First Graduate of LGBTQIA+ Concentration Proudly Paving a Path Forward

Colleen Deely, a young woman in a graduate's gown holding a diploma up beneath an arch of balloons in the streets of Boston

Colleen Deely was bursting with pride (pun intended) as she crossed the stage at the Boston Park Plaza Hotel to receive her diploma from William James College during the 43rd Commencement Exercises on Sunday, June 11. One of 59 graduates to earn a Master of Arts in Clinical Mental Health Counseling, the Foxborough native carried an impressive (albeit invisible) accolade under her cap: Deely is the first student to graduate with a concentration in LGBTQIA+ Studies since the College enrolled its inaugural class in January 2021.

“What can we do to make the world a better place, and a safer place, for people who identify within the LGBTQIA+ community?” was the single rhetorical question that both spurred Deely to elect her chosen concentration and motivated her along the path to becoming the best, most culturally competent and affirming counselor and human being she could be. “I knew there was a need for more empathy and understanding,” said Deely whose lived experience, as someone who newly identifies as pansexual, helped cultivate a deep sense of curiosity within her while an undergrad at Eastern Connecticut State University where she earned her B.S. in psychology in 2019.

In particular, Deely recalls the research centering on why folks who identify as gay, lesbian, or queer are attracted to the same sex and excluding questions about why those who identify as straight are attracted to the opposite sex. As such, she conducted her own research on the role compassion and empathy play in special populations, in particular how individuals within the LGBTQIA+ community historically receive less of both when compared with their straight or straight-passing peers. When it came time to apply for grad school, Deely recognized a unique opportunity at WJC.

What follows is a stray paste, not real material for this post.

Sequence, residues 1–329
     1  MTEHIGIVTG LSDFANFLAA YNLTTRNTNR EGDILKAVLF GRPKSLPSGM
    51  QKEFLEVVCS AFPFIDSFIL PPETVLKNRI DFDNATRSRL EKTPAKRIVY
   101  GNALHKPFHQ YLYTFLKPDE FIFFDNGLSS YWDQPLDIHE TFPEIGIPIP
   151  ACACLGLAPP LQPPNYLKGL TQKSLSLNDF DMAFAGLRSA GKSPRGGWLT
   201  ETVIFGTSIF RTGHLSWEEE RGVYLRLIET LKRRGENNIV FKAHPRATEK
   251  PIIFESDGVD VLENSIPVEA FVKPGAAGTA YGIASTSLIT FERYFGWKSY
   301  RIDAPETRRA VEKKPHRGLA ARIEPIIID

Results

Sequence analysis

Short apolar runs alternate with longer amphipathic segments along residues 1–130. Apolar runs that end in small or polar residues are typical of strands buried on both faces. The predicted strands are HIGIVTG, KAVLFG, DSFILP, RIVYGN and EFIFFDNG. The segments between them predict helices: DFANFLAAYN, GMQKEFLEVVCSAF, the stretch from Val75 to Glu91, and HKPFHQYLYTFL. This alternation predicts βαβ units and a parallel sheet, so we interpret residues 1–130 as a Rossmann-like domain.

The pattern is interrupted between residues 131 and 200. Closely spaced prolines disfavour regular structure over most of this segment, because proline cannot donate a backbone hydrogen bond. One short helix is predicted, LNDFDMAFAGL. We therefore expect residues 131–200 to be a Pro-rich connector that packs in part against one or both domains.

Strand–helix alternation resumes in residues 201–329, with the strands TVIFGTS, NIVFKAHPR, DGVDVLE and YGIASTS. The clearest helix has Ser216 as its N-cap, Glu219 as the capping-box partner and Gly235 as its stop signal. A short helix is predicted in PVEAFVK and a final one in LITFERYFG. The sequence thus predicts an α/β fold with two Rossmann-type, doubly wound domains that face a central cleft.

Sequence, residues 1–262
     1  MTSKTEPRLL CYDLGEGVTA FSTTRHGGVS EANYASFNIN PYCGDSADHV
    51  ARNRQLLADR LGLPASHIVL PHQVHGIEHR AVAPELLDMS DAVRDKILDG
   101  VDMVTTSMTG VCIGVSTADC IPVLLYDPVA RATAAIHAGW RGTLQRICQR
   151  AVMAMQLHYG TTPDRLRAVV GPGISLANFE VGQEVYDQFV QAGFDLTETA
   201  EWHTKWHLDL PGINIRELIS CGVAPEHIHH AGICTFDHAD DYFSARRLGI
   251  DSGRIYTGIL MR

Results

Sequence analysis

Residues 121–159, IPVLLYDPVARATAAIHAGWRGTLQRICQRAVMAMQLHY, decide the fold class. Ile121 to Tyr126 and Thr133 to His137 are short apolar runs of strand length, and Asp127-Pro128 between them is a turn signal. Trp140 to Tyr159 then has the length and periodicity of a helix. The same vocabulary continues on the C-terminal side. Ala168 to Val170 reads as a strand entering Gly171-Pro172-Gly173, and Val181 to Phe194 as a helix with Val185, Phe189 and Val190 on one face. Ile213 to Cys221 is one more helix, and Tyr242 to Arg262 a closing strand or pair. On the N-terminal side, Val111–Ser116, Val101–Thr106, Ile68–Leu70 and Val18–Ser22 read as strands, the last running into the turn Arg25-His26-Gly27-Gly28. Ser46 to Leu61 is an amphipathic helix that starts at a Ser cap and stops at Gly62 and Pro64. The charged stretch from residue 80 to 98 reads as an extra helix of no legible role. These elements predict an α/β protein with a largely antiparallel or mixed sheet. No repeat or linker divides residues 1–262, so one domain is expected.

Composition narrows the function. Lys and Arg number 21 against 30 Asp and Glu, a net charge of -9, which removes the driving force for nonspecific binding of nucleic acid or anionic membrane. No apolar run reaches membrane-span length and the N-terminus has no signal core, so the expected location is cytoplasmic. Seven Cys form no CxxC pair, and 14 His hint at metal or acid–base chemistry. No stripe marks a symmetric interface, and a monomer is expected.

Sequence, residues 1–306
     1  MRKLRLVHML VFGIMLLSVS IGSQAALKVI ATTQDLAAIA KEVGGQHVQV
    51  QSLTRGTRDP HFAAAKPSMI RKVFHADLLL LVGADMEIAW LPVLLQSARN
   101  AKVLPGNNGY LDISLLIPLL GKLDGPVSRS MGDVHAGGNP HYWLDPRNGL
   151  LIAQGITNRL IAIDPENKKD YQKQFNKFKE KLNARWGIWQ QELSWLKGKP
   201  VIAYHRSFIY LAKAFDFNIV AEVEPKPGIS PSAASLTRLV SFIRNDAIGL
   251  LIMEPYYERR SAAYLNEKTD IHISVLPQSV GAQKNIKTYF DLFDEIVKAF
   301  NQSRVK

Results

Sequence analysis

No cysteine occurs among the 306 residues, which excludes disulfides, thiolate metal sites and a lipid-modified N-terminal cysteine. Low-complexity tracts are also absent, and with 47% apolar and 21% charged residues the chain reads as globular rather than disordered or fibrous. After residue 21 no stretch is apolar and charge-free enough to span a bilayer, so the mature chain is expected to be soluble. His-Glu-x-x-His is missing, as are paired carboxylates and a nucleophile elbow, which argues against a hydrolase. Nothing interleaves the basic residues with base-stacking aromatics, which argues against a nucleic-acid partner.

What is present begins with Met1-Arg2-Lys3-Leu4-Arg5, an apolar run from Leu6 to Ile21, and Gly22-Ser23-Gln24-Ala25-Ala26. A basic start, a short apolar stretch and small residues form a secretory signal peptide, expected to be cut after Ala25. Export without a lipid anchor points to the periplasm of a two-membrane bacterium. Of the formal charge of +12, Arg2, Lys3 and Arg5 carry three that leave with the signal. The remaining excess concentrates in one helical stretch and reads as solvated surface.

According to the National Alliance on Mental Illness, LGB adults are twice as likely and transgender individuals are four times as likely as their heterosexual and cisgender counterparts to experience a mental health condition. In keeping with WJC’s mission — to assume an ongoing social responsibility to create programs to educate specialists of many disciplines to meet the evolving mental health needs of society — the nine-credit hour College-wide concentration in LGBTQIA+ Studies is rooted in the acute mental health needs of LGBTQIA+ people. The three course sequence is designed to provide mental health professionals with the language, cultural sensitivity, and clinical competence needed to deliver high-quality care to individuals within that community. In addition, students in the concentration learn to address the intersection of their clients’ LGBTQIA+ identities with other identities (e.g., race, gender, social class, ability status) and to advocate for clients at systemic, organizational, and public policy levels.

“It is imperative that clinicians are culturally competent to adequately address the needs of LGBTQIA+ people,” said Dr. Jessica Stahl, Director of the LGBTQIA+ Studies Concentration. Dr. Stahl emphasized the way in which providers who recognize how a person’s experience of sexual orientation and gender identity relate to their mental health can significantly, and positively influence treatment. This is especially salient as the current legal climate for LGBTQIA+ people (particularly those individuals who are not cisgender) is getting worse, not better, in many parts of the country. 

Colleen Deely posing with Dr. Jess Stahl at graduation.